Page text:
Academic journal article International Journal of Yoga

Decoding the Integrated Approach to Yoga Therapy: Qualitative Evidence Based Conceptual Framework

Academic journal article International Journal of Yoga

Decoding the Integrated Approach to Yoga Therapy: Qualitative Evidence Based Conceptual Framework

Article excerpt

Byline: Maria Del. Villacres, Aarti. Jagannathan, R. Nagarathna, Jayashree. Ramakrsihna

Aim: The aim of this study was to define, decode, and append to the conceptual frame-work of the integrated approach to yoga therapy (IAYT). Materials and Methods: Four stakeholders who followed two in-patients with depression over a period of 2 weeks in the residential center "Arogyadhama" (of Swami Vivekananda Yoga Anusandana Samsthana, Bangalore, India) were interviewed before the start of the IAYT treatment and prior to discharge of the patient. The patients were also interviewed pre and post and were observed once during their session. The data from the audio recordings from eight in-depth interviews were transcribed manually and qualitative analysis was conducted. Results: The conceptual frame-work of IAYT depicts that patient related factors ("co-operation of patient," "patients awareness of his/her condition"), therapist related factors ("ability to guide," the "assistance to the patients," "explanation of the exercises") and treatment related factors ("combination of psychiatric or Ayurvedic medication with yoga," "counseling during the IAYT treatment," duration of treatment), play an integrated role in reaching the "aim of IAYT" and experiencing "improvements and changes." Conclusion: The IAYT is a holistic program and the ability of the patient to cooperate with and integrate the available factors (therapist related and treatment related) could enable best results.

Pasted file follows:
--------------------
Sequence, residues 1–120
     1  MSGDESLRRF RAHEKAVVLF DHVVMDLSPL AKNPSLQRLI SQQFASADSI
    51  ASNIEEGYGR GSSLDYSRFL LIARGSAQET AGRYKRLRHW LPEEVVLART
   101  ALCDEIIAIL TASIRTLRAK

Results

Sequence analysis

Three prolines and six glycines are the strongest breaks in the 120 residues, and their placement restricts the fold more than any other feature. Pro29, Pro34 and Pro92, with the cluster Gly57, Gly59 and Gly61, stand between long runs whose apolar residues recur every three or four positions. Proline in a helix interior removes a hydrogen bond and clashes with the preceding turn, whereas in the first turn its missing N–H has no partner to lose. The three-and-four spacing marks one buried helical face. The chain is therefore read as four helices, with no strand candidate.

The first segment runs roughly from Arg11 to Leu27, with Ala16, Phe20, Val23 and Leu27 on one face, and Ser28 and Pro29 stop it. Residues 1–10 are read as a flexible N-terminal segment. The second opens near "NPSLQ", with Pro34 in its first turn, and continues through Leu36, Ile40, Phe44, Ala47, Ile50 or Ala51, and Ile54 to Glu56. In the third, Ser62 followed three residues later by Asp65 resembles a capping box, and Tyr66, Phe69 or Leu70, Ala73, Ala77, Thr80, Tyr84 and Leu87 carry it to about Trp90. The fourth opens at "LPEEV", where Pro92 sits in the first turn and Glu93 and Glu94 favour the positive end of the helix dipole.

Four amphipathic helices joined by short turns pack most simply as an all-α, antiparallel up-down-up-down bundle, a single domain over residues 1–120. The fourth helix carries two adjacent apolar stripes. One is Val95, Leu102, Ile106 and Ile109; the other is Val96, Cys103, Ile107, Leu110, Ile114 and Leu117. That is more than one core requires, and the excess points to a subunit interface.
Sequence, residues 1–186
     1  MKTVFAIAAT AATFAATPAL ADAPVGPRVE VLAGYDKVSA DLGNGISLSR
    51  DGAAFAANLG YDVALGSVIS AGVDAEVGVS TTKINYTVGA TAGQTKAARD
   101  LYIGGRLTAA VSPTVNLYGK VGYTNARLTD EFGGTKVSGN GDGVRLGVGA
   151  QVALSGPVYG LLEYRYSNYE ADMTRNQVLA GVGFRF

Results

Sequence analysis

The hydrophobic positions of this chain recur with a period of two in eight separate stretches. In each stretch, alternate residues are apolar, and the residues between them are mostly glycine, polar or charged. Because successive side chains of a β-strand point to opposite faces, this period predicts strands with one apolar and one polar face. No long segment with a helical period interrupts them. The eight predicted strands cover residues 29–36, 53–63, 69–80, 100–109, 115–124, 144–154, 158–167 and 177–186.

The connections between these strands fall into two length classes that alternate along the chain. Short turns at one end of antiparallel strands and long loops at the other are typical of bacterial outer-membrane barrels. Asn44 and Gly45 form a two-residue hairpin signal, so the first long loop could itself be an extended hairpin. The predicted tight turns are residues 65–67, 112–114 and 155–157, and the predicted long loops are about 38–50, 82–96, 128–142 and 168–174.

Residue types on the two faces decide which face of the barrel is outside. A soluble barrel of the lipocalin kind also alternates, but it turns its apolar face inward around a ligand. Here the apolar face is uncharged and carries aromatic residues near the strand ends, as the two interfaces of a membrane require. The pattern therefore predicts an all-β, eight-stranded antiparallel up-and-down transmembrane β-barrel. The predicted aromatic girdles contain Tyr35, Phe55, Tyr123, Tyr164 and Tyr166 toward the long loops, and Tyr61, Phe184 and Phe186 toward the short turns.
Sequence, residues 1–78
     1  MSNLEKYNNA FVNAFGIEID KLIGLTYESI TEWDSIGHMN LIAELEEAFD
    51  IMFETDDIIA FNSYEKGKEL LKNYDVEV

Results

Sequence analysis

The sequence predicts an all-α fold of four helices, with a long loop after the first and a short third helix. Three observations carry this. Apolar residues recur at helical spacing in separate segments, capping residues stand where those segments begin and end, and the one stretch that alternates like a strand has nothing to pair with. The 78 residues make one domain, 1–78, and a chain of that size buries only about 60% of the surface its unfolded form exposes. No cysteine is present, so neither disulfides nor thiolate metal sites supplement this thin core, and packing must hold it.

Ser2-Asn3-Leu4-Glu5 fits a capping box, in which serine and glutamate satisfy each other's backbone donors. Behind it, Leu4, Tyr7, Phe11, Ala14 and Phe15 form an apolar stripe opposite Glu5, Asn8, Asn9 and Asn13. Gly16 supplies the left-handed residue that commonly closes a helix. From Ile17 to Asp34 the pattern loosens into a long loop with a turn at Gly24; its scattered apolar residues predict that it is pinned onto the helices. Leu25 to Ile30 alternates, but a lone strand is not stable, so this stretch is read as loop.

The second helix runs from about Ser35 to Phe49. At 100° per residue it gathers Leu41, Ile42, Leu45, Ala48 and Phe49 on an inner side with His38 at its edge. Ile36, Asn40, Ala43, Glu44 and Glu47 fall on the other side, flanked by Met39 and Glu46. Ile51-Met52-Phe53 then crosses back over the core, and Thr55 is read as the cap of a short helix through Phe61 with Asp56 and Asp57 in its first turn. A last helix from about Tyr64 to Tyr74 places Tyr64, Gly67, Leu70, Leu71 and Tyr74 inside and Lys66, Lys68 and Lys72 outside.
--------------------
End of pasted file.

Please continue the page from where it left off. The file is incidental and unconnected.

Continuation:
The integrated approach to yoga therapy (IAYT) model developed by Swami Vivekananda Yoga Anusandhana Samasthana (S-VYASA) [sup][1] is based on the principle that "the root of all psychosocial illnesses is in the mind; which causes an internal imbalance due to long standing stressful and demanding situations of life." [sup][1] Intense surges of uncontrolled excessive speed of responses to these demanding situations at an emotional level ( Manomaya Kosa ) , conflicts between value systems ( Vijnanamaya Kosha ), and strong likes and dislikes at the psychological level ( Manomaya Kosa ) are responsible for imbalances at gross levels ( Pranamaya and Annamaya Kosas ). IAYT slows down the loop of uncontrolled speed of thoughts (stress) through several techniques that use the principle of "successive stimulations followed by progressive relaxation and the rest" to correct the imbalances, promote "mastery over the mind" and harmonize the disturbances at each of the five levels ( Pancha Kosa ). [sup][1],[2]

Based on the above Pancha Kosa concept, the IAYT model incorporates varied yogic practices at each level to help patients with different disorders deal with their problems. [sup][3] The Annamaya Kosa practices include: (1) Asana : A stable and comfortable posture, which gives deep relaxation to internal organs by massaging them thoroughly; all organs of the body start functioning in a harmonious manner and the mind becomes tranquil (2) Diet: Simple vegetarian wholesome food that calms down the mind (Sattvic diet) is recommended as it helps to maintain internal harmony in the body as well as mind (3) Loosening exercises: Reduces joint stiffness, strengthens the muscles of the body and increases physical stamina.

The Pranayama Kosa practices include: (1) Breathing exercises and cleansing breath: Increases awareness about breathing, clears the lungs, corrects breathing pattern, and increases lung capacity; (2) Pranayama: Slows down breathing rate and restores autonomic balance thereby calming the mind. The Manomaya Kosa practices include: (1) Cyclic meditation: Practices with repeated stimulations and relaxations; (2) Om meditation and mind sound resonance technique (MSRT) for creating awareness and slowing down the mind and (3) Devotional sessions: For emotional culture through "Bhakti Yoga" and The Vijnanamaya Kosa Practices include: (1) Lectures and yogic counseling using yogic concepts of fearlessness for stress management. …

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